3 Things Learned From Penn State

lessons learnedI’ve discussed wellness programs many times in the past. I’ve given suggestions on types of programs, benefits to both the employer and employee, and even ways to implement wellness programs that can be beneficial for everyone. However, I have never suggested what Penn State attempted with its wellness program…that bombed big time!

According to Dan Oswald’s article, Penn State’s attempt at wellness program didn’t go so well, Penn State attempted to force its employees and faculty to participate in a wellness program that consisted of filling out an online health profile through WebMD and have a preventative medical exam conducted before a specific deadline. If the employees and faculty did not comply, Penn State threatened to withhold $100 from their paycheck each month until in compliance.

It really doesn’t sound all that bad, right? What’s wrong about filling out a little health questionnaire and going for a physical? A lot! The questionnaire consisted of several very personal questions about drug, alcohol, and tobacco use, pregnancy intentions of women, if the individual has feelings of depression, and other personal information that an employer has no need of knowing.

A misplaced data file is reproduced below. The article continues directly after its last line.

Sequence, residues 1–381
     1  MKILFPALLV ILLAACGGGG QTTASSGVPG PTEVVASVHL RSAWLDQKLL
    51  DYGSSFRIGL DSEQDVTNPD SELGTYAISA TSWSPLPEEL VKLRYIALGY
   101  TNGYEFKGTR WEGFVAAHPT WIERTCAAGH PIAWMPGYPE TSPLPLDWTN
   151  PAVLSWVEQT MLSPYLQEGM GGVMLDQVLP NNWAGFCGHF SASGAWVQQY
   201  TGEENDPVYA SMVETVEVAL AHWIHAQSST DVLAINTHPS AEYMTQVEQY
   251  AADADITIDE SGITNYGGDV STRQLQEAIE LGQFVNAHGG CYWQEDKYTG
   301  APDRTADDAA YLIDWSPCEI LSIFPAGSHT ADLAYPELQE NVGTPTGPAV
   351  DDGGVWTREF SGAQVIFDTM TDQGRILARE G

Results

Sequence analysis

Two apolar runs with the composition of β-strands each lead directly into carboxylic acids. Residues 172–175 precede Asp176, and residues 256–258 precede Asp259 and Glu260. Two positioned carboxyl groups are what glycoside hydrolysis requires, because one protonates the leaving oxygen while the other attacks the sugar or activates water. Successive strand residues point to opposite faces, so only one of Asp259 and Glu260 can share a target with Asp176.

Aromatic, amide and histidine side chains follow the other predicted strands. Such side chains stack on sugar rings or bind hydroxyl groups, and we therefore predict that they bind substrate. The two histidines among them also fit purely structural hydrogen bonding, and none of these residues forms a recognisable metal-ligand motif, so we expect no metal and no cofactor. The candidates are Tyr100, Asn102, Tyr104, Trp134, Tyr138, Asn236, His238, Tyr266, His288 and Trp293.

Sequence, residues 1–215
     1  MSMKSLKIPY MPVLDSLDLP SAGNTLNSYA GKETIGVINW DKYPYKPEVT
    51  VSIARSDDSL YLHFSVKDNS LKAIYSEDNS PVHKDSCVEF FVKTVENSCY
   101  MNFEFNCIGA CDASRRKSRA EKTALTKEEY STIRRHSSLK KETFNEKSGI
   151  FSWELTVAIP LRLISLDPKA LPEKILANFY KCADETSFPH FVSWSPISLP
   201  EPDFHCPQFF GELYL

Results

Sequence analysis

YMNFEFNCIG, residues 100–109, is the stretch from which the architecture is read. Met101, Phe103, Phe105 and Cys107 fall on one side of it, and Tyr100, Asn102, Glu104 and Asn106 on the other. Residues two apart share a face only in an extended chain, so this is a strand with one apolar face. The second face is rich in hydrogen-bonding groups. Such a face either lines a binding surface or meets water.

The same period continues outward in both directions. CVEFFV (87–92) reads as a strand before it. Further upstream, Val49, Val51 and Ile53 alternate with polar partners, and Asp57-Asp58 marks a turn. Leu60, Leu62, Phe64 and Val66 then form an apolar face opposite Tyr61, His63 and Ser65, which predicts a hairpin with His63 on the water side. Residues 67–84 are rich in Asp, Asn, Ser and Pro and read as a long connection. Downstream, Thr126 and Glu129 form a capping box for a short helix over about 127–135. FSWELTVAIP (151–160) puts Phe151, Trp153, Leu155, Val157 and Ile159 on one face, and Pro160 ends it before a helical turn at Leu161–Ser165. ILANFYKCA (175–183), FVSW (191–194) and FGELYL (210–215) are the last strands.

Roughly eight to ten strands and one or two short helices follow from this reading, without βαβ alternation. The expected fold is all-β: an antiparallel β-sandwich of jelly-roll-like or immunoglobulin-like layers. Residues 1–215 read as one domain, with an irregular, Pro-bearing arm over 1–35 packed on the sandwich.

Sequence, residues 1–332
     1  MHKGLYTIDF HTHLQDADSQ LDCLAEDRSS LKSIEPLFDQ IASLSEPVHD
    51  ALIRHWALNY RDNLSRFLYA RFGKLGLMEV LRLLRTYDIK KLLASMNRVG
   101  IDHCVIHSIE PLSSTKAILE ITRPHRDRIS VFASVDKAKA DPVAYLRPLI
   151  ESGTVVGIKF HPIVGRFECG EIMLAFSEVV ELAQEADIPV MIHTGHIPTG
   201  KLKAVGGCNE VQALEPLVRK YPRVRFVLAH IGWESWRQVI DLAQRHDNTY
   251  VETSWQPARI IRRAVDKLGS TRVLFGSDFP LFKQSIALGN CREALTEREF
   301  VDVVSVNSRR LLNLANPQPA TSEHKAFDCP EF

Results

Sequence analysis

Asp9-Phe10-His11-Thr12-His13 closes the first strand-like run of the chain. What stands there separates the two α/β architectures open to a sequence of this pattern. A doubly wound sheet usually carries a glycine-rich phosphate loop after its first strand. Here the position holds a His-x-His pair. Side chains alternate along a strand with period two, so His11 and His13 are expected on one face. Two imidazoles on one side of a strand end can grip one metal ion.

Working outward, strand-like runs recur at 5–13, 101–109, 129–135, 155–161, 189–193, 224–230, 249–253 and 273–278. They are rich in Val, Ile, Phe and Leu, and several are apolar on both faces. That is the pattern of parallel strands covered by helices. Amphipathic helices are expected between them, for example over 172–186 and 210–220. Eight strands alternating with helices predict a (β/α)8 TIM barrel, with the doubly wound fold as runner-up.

The university claimed that this wellness program, which consists of a questionnaire and a physical, would save them $63 million over the next five years in healthcare costs. Well, you can’t save $63 million if your employees refuse to participate in the program.

Penn State should have consulted with their employees and faculty first. Leadership is not dictating. Leadership is leading the company into the future, and if the company doesn’t consult with its employees (especially on a program that impacts them so much) then there is no future.

3 Lessons Learned:

  1. When creating any type of employee program – consult with your employees first.
  2. Do not add a built-in punishment for not participating; instead, add a built-in rewards system for those who do participate.
  3. Do what is right for the organization as a whole, not just what is right for the bottom line.

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